Vancouver Canucks head coach Alain Vigneault had some interesting comments in the wake of Duncan Keith’s elbow on Daniel Sedin, taking umbrage not with the Chicago defenseman, but rather the referee that issued only a two-minute elbowing minor.
“We got a big two-minute power play off that hit from the same referee — remember last year when Daniel got punched six times in the face in the Boston series?” Vigneault told the Vancouver Sun. “I seem to remember it was the same guy.”
Vigneault’s referencing Dan O’Halloran, who worked Wednesday’s game against Chicago and Game 6 of the Stanley Cup finals — the game where Marchand speedbagged Sedin:
Sedin and Marchand both got 10-minue misconducts while Marchand got an extra two for roughing. Vancouver’s beef was that 1) Sedin got penalized for doing nothing, and 2) Marchand wasn’t given more.
Now, to be fair — O’Halloran was working Game 6, but wasn’t exactly involved in the Sedin-Marchand incident. As the video shows, Kelly Sutherland was the guy trying to break it up and signaling to the penalty box; O’Halloran arrives late and just sorta stares at what’s transpired.
Not that the Canucks care about semantics. In their eyes, O’Halloran worked two games where Sedin was on the receiving end of controversial hits and questionable penalties.
It’ll be interesting to see what comes of Vigneault’s comments. Unlike Stephane Auger — another referee that’s been publicly scrutinized by the Vancouver organization — O’Halloran is a veteran official with a wealth of postseason experience (and international, working the gold medal game at the 2010 Olympics.)
There’s a good chance he and the Canucks will cross paths again, quite possibly in the playoffs.
Fore! NHL referee makes the cut at PGA Tour’s Canadian Open
There has always seemed to be a connection between hockey players and the game of golf. Some are better than others when it comes to the links.
Take NHL referee Garrett Rank, for example.
Rank, also an amateur golfer, has made the cut at the 2016 Canadian Open at Glen Abbey Golf Club just south of Toronto. He’s currently tied for 36th at even par heading into the weekend. He also sits seven shots behind the leader, Dustin Johnson, the future son-in-law of The Great One, Wayne Gretzky.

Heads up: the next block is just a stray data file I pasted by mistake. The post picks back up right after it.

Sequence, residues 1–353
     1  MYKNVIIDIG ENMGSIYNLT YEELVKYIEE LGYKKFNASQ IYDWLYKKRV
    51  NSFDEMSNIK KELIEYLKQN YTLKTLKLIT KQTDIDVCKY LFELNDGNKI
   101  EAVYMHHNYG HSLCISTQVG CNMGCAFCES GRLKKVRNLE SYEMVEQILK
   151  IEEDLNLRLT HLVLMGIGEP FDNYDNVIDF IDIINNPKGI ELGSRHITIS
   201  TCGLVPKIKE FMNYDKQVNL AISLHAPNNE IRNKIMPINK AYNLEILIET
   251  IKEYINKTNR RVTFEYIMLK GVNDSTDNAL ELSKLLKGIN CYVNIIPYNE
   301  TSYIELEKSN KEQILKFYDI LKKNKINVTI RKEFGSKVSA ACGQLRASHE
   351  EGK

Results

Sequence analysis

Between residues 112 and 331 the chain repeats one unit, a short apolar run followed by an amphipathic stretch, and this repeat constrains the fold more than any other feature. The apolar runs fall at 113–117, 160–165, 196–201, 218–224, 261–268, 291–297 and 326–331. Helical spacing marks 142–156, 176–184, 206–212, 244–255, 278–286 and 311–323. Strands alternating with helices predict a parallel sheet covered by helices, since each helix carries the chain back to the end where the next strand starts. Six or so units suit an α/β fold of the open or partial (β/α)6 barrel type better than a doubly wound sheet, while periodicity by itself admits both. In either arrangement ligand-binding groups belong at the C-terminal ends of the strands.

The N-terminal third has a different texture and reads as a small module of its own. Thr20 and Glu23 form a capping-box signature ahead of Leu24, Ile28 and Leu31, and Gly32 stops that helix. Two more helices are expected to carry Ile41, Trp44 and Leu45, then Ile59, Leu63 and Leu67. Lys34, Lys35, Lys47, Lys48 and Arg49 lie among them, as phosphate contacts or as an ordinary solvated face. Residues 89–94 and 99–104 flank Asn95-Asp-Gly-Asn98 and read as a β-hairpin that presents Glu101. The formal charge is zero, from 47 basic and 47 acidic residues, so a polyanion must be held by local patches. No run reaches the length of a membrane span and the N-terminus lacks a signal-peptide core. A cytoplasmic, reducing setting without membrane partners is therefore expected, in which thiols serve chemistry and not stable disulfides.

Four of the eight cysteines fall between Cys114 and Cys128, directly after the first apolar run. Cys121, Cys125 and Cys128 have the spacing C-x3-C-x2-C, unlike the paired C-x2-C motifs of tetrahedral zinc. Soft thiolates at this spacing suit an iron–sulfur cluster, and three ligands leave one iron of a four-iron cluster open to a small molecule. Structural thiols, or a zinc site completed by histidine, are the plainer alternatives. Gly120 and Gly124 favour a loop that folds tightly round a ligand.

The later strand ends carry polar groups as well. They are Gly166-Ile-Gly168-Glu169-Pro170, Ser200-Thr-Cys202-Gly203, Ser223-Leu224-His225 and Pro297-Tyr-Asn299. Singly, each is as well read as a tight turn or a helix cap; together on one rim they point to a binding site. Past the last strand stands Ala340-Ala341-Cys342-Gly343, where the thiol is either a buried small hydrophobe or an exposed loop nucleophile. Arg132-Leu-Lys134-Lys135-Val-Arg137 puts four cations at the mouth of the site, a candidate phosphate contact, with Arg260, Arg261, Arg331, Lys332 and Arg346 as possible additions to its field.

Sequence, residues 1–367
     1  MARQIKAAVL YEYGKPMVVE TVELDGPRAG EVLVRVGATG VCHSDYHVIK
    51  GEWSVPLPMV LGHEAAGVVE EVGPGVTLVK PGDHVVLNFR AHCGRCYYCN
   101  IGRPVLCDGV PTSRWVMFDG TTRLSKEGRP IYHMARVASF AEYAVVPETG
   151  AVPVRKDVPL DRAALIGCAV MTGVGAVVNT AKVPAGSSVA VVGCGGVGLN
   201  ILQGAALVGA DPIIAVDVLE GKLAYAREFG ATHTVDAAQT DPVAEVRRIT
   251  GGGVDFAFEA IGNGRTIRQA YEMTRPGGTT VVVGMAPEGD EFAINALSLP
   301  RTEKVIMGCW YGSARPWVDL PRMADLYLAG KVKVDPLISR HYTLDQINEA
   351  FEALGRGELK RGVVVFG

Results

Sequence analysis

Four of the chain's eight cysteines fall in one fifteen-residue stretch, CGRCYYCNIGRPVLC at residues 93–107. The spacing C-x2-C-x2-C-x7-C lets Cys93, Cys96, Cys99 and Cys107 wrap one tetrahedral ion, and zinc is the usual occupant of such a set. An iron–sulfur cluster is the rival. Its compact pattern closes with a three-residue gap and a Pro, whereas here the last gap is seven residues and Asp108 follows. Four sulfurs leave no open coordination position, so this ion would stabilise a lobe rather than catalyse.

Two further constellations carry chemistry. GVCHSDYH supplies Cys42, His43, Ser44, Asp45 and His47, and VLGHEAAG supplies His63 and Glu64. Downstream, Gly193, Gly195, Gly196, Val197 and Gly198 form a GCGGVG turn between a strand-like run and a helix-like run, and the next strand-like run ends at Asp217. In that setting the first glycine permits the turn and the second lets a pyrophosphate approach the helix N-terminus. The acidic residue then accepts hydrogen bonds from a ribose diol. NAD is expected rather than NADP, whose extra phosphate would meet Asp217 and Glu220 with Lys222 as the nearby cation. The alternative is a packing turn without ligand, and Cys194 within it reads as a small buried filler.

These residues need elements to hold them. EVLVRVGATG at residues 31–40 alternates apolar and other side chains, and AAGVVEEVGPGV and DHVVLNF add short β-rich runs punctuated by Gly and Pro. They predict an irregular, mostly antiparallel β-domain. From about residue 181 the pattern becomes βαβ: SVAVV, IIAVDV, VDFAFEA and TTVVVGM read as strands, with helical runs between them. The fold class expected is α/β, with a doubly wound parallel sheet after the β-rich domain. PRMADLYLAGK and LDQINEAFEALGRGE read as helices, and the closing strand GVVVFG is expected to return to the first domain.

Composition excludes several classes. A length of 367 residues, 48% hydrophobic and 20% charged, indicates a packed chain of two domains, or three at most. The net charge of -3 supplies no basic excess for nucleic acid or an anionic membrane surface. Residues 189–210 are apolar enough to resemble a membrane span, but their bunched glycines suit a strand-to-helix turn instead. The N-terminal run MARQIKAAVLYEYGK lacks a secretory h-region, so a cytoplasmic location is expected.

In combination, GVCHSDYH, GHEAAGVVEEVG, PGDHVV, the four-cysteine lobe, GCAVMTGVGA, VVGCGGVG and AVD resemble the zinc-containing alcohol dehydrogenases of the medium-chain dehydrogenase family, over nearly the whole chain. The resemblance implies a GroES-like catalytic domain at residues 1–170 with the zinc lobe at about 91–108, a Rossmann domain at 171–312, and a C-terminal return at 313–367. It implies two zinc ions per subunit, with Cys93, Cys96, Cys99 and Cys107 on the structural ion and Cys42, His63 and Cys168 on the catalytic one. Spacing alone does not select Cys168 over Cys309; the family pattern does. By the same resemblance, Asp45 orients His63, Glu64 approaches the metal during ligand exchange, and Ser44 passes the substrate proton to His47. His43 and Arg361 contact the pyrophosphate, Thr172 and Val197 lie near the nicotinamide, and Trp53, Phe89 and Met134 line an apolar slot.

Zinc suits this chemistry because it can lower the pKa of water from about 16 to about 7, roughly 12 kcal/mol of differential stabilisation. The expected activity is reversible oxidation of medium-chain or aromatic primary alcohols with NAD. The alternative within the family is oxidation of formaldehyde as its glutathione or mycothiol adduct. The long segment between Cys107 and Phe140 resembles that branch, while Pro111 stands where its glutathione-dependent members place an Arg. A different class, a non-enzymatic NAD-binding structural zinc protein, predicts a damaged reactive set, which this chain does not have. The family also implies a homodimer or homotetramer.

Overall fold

Rank, who joined the NHL Officials Association in 2014, has split his time between officiating in the NHL and the American Hockey League. But, according to the PGA Tour website, he was hired as a full-time NHL ref the day before the opening round of this week’s Canadian Open.
“I’d be lying if I told you that I didn’t take my clubs with me when I was on the road,” he told the PGA Tour website. “I think it helps me and makes it a little easier for me because I know that this isn’t the end of the world, whether I shot 65 or 75.”
“When I got the news I tried to maintain a positive attitude,” he told the Toronto Sun. “And you know what, it’s kind of a blessing in disguise. You never want to have cancer wished upon someone but I think it gave me a little better outlook in terms of a bad call on the ice wasn’t as bad. Or hitting a bad shot on the golf course wasn’t the end of the world.
“It has allowed me to stay patient and be grateful for the opportunities and things I have in life.”
After Price had said last month he was 100 per cent healthy following an MCL sprain that ultimately ended his season, Montreal Canadiens goalie coach Stephane Waite reaffirmed that earlier this week in an interview with RDS. That should provide Habs fans with at least a little bit of optimism when it comes to the goalie position after a rather tumultuous summer.
“I’m not a doctor, but all I know is that on the ice it was perfect,” Waite told RDS, as per The Hockey News. “It is 100 percent restored. We are happy and our medical staff did a great job with him to bring him to the top. It is no longer a concern, he is ready to go.”
Habs fans have had a difficult few months. With Price injured, the Canadiens quickly fell out of the playoff race. The off-season has ushered in tremendous change, with the additions of Andrew Shaw and Shea Weber, while the departure of P.K. Subban in that deal with Nashville remains probably the most contentious development in the NHL during the summer.
Mitch Callahan signed another one-year deal with the Detroit Red Wings on Thursday, and will look to once again make the jump to the NHL in the fall.
As per General Fanager, the deal pays $600,000 at the NHL level and $175,000 at the AHL.
A sixth-round pick of the Red Wings in 2009, Callahan, who turns 25 years old next month, has only one appearance in the NHL and that was two seasons ago. He’s spent five seasons with the Grand Rapids Griffins in the minors, where he’s posted decent numbers, offensively, with 19 goals and 32 points last season.
But he’s also dealt with injuries, such as a torn ACL in the 2014-15 season. Or a gory injury — 10 teeth plus a broken jaw — after taking a puck to the face in an AHL game in 2014. This past season, he took another puck to the face during practice, losing another tooth.
He’s made it clear in the past that he doesn’t want to be playing in the AHL, although competition for roster spots — Callahan would have to likely work his way into a bottom-six role — in Detroit will be stiff when the Red Wings open up training camp.
He’s almost certain to be exposed on waivers again, as the Wings have 13 active forwards signed to one-way contracts, plus Dylan Larkin and Andreas Athanasiou. And Anthony Mantha is expected to make a push for a spot.
Patrick Eaves bests big hockey names at Smashfest V